The only way to meet these requirements (not goals) is going to be through innovative third party financing. DoD will have to get serious about enhanced use leases, energy saving performance contracts, utilities energy services contracts and other innovative financing mechanisms . All of these vehicles are viable tools to achieve the statutory requirements and business is ready to go. This could have the effect of increasing energy security, simulating the economy, bring done the cost of RE, and protecting the environment all in one effort. Now that is a DoD size goal.

Tuesday, September 7, 2010

Energy Battle Hand Over

I would like to begin by thanking Andy Bochman for his hard work in putting together and publishing the DOD Energy Blog (DEC) for the past two years. I remember when I was first referred to the DEB by friends in the DOD Energy Community (DEC).

The DEC is a group of men and women, in government and out, that have recognized the national security, economic and environmental implications of our dependence on fossil fuels for the motive power of our country. They have been working relentlessly and often silently to shape the policies, form the organizations, develop the technologies and provide the leadership necessary to overcome these vulnerabilities.

Andy has given voice to these efforts. He has done the research, gotten the interviews and highlighted what was and wasn’t happening in DOD Energy. We all owe him a debt of gratitude for his effort. I am appreciative personally for the opportunity he gave me to have my voice heard as well. And since no good deed goes unpunished, I was flattered and intimidated by taking on the task for the next couple of months while Andy heads to the Bahamas. Of course if he had been paying attention to the weather (climate is what we predict; weather is what we get) he might have noted the two Category Four hurricanes that just blew through that region. We wish him a much deserved rest, while we know he is really going to slaving over his other couple of blogs, his day job and, of course, his family.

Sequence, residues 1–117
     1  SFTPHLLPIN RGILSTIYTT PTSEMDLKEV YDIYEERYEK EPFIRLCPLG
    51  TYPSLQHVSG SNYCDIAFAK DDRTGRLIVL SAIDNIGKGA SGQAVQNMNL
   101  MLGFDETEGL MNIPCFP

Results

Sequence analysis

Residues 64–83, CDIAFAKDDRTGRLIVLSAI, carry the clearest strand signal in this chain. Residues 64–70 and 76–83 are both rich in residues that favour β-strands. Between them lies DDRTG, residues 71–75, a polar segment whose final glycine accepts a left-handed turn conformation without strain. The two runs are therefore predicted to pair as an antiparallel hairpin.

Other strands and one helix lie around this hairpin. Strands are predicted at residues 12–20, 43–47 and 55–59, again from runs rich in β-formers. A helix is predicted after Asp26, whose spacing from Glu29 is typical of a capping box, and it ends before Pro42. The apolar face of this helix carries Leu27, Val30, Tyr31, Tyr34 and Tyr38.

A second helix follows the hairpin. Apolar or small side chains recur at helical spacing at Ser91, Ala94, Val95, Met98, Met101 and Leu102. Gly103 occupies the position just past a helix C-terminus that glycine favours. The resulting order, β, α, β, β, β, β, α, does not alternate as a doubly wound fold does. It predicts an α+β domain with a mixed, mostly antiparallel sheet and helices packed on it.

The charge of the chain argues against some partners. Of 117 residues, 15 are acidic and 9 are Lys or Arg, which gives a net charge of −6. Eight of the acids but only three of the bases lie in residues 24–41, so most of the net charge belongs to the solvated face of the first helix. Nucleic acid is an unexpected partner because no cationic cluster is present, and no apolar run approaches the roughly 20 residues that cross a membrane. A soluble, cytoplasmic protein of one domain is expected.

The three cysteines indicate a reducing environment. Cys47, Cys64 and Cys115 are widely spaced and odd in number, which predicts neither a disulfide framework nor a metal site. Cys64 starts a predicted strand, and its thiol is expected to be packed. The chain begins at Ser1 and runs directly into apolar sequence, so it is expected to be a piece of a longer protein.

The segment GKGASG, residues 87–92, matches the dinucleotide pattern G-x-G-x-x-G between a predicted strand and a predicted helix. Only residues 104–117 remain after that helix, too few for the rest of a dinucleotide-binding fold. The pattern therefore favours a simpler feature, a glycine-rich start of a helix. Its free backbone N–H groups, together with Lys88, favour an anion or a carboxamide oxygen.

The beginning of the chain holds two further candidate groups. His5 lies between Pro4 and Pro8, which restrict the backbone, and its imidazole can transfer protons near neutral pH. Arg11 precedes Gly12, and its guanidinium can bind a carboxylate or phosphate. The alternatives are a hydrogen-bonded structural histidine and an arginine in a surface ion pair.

In Andy’s absence I will focus on the areas of policy, technology, organizations and examples of DOD leading or lagging in the quest for energy security. One of the most important things we in the DEC can do is settle on the language. Terms such as microgrid, smart grid, energy security, energy surety and the like deserve definitions upon which we can all agree.